To capture the moment in time when you are one with your natural surroundings seems to me the ultimate goal of landscape photography.
As the late Irish poet and philosopher John O’Donohue once observed, “If you go toward Nature with an open heart and a watchful reverence, you will be absolutely amazed at what it will reveal to you.” One of the gifts of ancient Celtic culture, O’Donohue believed, was that landscape wasn’t just matter, but that it was actually alive.
It’s that recognition of the consciousness that surrounds us in the natural world, I believe, that draws us into it. Somehow sensing that recognition, Nature opens up more, is more trusting.
Maybe it’s the Irish in me — or maybe it’s the twenty years I spent in Hawaii, where the local culture absolutely mirrors O’Donohue’s viewpoint — that causes me to gauge my day based on signals from my surroundings.
That’s what causes me to live up a draw in the Coast Range just a few miles from the Oregon Dunes, a windswept 40-mile stretch of sand along the Pacific Ocean. In this unique place, Nature and its rhythms must be heeded if one is to blend into the natural community.
It is also what caused me to cling to the side of a volcano in Hawaii for twenty years, farming coffee and avocados. I spent a decade as an activist in Hawaii, working to save natural coastlines and protect ancient Hawaiian cultural sites. We were largely successful, but the nature of the work was so contentious, oppositional, political and all-consuming that it took a heavy toll on my life. I decided to take my activism to new levels by breaking out of those bounds, which constrained me to seemingly “low-vibration activities,” and to pursue bettering our world in a different way — by bringing to others more consciousness of its natural beauty and its importance in our lives.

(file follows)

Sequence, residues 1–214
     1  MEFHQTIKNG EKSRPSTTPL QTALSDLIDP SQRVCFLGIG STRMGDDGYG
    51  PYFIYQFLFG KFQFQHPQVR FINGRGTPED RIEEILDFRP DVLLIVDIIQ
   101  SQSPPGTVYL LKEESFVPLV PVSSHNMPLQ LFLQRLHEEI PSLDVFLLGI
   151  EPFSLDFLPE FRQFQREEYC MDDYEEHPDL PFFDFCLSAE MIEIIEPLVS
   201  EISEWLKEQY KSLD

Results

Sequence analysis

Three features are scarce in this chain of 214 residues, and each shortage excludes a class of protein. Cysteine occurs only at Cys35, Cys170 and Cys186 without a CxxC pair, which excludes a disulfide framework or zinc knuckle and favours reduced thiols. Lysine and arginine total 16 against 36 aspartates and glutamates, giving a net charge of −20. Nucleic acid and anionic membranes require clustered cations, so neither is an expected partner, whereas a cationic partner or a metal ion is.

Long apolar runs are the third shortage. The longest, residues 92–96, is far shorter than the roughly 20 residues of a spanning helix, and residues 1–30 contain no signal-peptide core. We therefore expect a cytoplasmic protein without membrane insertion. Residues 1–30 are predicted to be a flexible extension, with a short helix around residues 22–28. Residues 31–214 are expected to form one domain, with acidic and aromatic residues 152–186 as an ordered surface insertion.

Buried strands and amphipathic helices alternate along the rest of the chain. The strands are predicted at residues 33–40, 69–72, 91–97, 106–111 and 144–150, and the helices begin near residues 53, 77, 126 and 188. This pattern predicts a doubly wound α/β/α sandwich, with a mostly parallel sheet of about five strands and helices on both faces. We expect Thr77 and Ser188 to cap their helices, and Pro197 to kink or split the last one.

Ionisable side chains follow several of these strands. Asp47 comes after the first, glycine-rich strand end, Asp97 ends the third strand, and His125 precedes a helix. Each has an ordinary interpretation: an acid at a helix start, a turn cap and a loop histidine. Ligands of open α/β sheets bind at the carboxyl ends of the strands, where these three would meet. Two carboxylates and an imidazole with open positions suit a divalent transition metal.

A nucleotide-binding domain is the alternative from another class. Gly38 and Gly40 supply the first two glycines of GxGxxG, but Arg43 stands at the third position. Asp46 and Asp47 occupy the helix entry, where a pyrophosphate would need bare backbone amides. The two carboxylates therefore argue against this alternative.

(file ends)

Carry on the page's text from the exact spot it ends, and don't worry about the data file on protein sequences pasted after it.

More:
One way I can do this is by capturing incredible moments of natural beauty, and asking people to take a moment to enjoy that space I have depicted, in concert with Nature. I try to stay as true to that moment as I can and shy away from Photoshop alterations. I might make minor adjustments to exposure and contrast but for the most part let the moment stand on its own.
Drinking in these images is healthy for us. Communing with Nature, even with images of Nature, is proven to reduce stress in humans. It is even healthier for me, because I go out and get the shots.
The outdoors, photography and I are a marriage fraught with adventure, intense creativity, relentless pursuit, laughter and love. Nothing is more fun than trekking on a photography shoot. At some point, when things are just right, the boundaries between you and your surroundings disappear and magic happens. My hope is to express that moment of communion in my work. Please take the time to soak it up.
While I’m focusing these days on the Oregon Coast, future forays to the mountains, high plains, deserts, canyon lands and Hawaii will bring diversity to my growing collection of Natural Landscapes.
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